As for being a teen per se, I can’t imagine that an excellent manuscript wouldn’t get the same treatment if it came from a teen as if it came from an older person – that is, its excellence may or may not be noticed, as in the example above of the exhausted editorial assistant. Sometimes good writing isn’t picked up.
Do I think a teen can write a terrific story or book? I imagine so. Some of my students have been very talented.
On the other hand, a few years ago I came across my folder from my creative writing class when I was a senior in high school. Now I’ve lost it again, but one story sticks out in my memory. Before I tell you about it I need to reveal a little about my family history. My grandmother and my aunts – my mother’s mother and her sisters – criticized my mother often, not in a helpful way or even a forthright way, but in snide, indirect digs. I knew, and I was totally on my mother’s side. I hated the three of them. When I was in middle school my aunt got sick, and the story I found was about an unpleasant, selfish old lady in a hospital.
My writing was okay. But reading the story as an adult I was shocked at how meanspirited it was. When I wrote it, I knew that I was imagining my aunt as the main character. She and my other aunt and my grandmother are long dead now, and I still don’t think of them fondly, but today I couldn’t approach them as characters or, if they could be brought back to life, as people in such an unsympathetic way. I’ve grown up.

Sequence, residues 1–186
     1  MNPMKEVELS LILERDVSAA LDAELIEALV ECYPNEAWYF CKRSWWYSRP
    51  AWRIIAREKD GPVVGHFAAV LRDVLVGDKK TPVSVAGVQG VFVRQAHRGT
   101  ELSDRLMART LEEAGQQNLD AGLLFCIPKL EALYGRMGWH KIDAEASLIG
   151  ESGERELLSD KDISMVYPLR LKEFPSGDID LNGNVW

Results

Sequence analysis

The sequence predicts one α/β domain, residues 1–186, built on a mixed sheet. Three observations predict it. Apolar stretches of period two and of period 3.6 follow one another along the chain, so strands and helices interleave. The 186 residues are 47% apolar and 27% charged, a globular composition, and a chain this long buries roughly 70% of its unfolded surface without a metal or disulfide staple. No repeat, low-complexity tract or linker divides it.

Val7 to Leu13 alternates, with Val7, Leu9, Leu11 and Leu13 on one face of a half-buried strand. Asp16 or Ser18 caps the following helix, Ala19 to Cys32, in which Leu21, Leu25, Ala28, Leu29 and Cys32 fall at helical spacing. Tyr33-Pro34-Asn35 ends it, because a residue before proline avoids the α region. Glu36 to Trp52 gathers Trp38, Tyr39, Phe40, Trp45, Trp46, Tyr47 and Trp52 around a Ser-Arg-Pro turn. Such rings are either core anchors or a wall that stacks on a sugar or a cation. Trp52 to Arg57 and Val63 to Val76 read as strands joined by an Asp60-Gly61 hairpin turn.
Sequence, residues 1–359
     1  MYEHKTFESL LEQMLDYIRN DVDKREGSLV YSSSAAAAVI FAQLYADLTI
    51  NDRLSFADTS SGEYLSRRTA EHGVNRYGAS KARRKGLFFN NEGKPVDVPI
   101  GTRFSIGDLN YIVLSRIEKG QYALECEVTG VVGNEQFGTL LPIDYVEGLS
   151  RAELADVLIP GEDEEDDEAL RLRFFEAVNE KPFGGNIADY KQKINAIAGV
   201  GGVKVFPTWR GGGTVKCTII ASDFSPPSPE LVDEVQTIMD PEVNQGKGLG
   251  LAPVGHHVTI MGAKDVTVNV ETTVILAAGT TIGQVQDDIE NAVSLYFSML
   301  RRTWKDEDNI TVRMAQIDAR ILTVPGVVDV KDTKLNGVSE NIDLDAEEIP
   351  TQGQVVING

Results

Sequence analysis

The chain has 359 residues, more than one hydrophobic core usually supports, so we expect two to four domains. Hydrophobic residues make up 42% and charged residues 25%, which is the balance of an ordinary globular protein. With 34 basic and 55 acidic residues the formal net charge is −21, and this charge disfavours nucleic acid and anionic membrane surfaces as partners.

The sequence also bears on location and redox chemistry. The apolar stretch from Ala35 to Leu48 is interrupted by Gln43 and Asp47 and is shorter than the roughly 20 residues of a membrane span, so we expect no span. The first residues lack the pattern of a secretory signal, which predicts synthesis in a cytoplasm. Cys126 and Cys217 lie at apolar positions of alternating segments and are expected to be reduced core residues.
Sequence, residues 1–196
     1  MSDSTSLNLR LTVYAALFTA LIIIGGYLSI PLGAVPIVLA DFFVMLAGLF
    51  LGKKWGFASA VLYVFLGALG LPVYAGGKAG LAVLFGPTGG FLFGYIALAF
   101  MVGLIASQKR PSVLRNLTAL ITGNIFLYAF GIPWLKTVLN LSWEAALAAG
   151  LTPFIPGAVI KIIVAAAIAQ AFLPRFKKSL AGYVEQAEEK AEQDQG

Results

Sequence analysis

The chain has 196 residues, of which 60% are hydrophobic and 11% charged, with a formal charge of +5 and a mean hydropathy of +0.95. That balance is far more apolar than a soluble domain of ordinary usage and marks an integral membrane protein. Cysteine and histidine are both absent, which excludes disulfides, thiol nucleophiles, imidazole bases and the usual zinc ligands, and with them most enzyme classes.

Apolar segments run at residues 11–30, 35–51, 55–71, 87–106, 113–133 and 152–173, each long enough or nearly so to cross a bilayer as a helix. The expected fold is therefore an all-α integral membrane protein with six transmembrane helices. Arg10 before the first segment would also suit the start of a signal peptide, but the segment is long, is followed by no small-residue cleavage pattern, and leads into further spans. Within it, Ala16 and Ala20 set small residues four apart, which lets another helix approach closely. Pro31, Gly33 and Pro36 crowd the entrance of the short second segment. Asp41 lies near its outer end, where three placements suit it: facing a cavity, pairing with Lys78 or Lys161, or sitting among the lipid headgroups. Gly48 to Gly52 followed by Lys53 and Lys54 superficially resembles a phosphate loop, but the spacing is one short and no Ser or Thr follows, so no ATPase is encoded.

I don’t mean to suggest that teens are heartless. I wasn’t heartless myself. And you may be nothing like me. You may at a young age be able to get inside the mind and spirit of lots of different sorts of characters. You may have oceans of empathy. But you may lack some other depth of experience or character growth that will improve your writing later on. It would be terrible if, at fifteen or eighteen, you were finished, complete, as good as you were going to get.
So, write and send your writing out if you want to test the waters. If you have early success, how lovely, and how marvelous that the best is probably still to come.
Here are two prompts:
∙ Improve on my early effort. Write about an unpleasant, selfish old woman in the hospital, but reveal her inner life, so the reader feels for her. Why is she in the hospital? How sick is she? Does anyone visit? Is there anyone she especially wants to see?
∙ Over-appreciation and under-appreciation can pervade any aspect of life, not only writing. A dragon descends on the greater metropolitan area of Cincinnati, wrecking homes and incinerating maidens in Ohio and Kentucky. The governor of each state sends an adventurer to dispense with the monster. Unbeknownst to the governor, one adventurer is an over-appreciator and one is an under. Write about how each one prepares to encounter the dragon and how it comes out. If you like, turn the action into a story, a novel, or a seven-book series.
Have fun, and save what you write!